Développement de techniques de construction de valves aortiques par génie tissulaire

Authors: Tremblay, Catherine
Advisor: Ruel, JeanAuger, François A.
Abstract: Heart valves diseases lead annually to nearly 300 000 replacement surgeries, mostly performed on aortic valves. Mechanical or tissue valves are largely used to replace dysfunctional heart valves but they present serious drawbacks, mainly for young patients, since these non-living substitutes are unable to remodel according to physiological environment changes. Tissue engineering aims at the development of new biological organ substitutes created with living cells. Tissue engineered heart valves may be able to fully integrate their physiological environment and hence eliminate the problems encountered with mechanical and tissue valves. Porous polymer scaffolds or decellularized heart valves are current tissue engineering techniques that are being studied in order to develop new biological substitutes. This thesis, however, presents the development of an entirely new construction technique based on the self-assembly method that can recreate the aortic valve structure by using only human dermal fibroblasts cell sheets. The many steps achieved toward the development of this new construction technique are detailed in this thesis. The plane thick tissue fabrication method is first explained, along with the incremental evolutive process that led to the construction of four heart valve prototypes. The construction technique uses several templates to assist the three-dimensional shaping of the substitutes, which resemble the natural shape of the native aortic valve. Dynamic stimulations were also performed in a custom-made bioreactor and the valve exhibited a normal behavior under various flow and pressure waveforms. No damage was noted on the plane thick tissue after the mechanical stimulation. Besides, a feasibility study on the decellularization of porcine heart valves was conducted using Trypsin/EDTA in order to assess the potential of such a construction technique. Finally, the mechanical characterization of the plane tissue used for the construction of the valves is also presented. The results of this study confirm the ability of the tissues to act as a heart valve substitute. The new material is also compared to other commonly used materials in heart valve replacement or repair.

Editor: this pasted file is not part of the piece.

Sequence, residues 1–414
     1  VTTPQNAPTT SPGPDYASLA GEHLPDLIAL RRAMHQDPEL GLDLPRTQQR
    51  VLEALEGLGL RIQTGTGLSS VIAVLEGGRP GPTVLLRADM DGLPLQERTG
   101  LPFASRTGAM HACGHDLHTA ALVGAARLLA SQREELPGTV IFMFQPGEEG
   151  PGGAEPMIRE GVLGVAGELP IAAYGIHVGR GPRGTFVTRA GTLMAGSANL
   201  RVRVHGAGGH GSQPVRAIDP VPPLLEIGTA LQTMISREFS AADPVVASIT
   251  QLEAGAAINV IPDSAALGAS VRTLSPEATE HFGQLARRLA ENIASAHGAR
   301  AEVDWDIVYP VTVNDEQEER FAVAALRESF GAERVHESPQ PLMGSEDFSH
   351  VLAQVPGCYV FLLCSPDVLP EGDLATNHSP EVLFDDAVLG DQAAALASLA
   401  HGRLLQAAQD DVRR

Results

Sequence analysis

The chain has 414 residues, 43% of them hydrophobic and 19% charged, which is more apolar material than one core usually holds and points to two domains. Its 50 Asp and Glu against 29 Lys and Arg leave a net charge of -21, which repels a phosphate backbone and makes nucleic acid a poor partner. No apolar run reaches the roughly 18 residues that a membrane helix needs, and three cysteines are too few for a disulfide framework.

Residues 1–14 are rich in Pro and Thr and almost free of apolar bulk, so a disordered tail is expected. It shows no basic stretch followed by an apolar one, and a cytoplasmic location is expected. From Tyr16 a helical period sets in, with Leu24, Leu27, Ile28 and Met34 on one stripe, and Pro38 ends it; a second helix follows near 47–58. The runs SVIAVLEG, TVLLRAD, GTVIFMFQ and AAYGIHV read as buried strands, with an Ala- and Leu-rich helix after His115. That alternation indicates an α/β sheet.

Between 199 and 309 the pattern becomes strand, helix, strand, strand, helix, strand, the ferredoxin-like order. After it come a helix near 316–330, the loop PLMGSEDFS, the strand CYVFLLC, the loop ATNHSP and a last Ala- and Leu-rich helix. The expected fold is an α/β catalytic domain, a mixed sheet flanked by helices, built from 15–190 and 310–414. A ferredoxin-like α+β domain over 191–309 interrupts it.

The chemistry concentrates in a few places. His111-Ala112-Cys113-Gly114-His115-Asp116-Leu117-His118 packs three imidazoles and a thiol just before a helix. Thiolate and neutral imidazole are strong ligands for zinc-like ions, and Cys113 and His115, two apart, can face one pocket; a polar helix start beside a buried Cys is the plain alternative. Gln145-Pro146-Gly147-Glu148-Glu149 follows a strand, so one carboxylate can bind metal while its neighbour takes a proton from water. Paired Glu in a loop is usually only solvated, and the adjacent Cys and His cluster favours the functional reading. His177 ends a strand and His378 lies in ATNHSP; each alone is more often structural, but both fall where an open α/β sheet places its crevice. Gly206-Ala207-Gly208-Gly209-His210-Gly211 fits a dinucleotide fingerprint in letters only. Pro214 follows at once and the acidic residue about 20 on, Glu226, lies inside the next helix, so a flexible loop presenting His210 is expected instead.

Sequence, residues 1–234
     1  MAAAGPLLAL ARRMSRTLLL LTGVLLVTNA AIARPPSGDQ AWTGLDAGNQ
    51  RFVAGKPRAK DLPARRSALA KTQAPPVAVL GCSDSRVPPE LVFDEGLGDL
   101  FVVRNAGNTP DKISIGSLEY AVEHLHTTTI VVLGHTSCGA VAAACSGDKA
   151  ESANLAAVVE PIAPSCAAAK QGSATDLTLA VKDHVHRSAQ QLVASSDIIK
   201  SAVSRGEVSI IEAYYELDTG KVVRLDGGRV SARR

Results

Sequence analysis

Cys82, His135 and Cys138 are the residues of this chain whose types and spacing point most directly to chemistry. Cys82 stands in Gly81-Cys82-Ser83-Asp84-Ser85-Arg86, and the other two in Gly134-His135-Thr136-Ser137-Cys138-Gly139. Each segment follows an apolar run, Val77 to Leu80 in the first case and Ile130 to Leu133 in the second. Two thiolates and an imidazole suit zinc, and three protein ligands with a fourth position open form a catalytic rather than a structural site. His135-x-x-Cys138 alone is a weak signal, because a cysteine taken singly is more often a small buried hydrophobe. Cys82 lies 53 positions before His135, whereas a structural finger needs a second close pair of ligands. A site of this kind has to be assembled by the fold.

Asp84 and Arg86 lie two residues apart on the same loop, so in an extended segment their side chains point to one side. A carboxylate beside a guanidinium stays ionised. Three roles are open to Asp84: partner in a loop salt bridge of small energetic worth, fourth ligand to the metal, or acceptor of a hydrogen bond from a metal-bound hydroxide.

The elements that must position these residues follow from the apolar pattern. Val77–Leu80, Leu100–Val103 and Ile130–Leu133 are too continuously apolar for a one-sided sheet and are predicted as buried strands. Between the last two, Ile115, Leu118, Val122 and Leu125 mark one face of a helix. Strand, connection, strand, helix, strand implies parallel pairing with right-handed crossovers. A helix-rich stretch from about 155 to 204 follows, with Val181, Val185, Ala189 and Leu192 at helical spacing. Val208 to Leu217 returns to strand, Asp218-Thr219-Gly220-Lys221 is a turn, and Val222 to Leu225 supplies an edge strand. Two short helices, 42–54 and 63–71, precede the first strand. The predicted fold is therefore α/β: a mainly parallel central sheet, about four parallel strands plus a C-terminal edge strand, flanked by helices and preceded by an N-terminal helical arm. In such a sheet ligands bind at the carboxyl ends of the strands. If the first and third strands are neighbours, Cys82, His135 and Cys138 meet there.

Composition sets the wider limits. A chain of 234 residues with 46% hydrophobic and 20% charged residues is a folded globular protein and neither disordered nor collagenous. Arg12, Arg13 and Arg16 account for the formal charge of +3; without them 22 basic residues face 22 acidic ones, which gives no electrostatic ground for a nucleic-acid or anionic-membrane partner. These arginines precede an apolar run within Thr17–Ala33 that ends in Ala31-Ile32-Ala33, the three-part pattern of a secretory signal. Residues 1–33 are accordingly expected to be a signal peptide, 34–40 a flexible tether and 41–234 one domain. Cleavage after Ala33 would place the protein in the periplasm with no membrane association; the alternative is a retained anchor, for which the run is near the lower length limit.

Document Type: Thèse de doctorat
Issue Date: 2015
Open Access Date: 23 April 2018
Permalink: http://hdl.handle.net/20.500.11794/26617
Grantor: Université Laval
Collection:Thèses et mémoires

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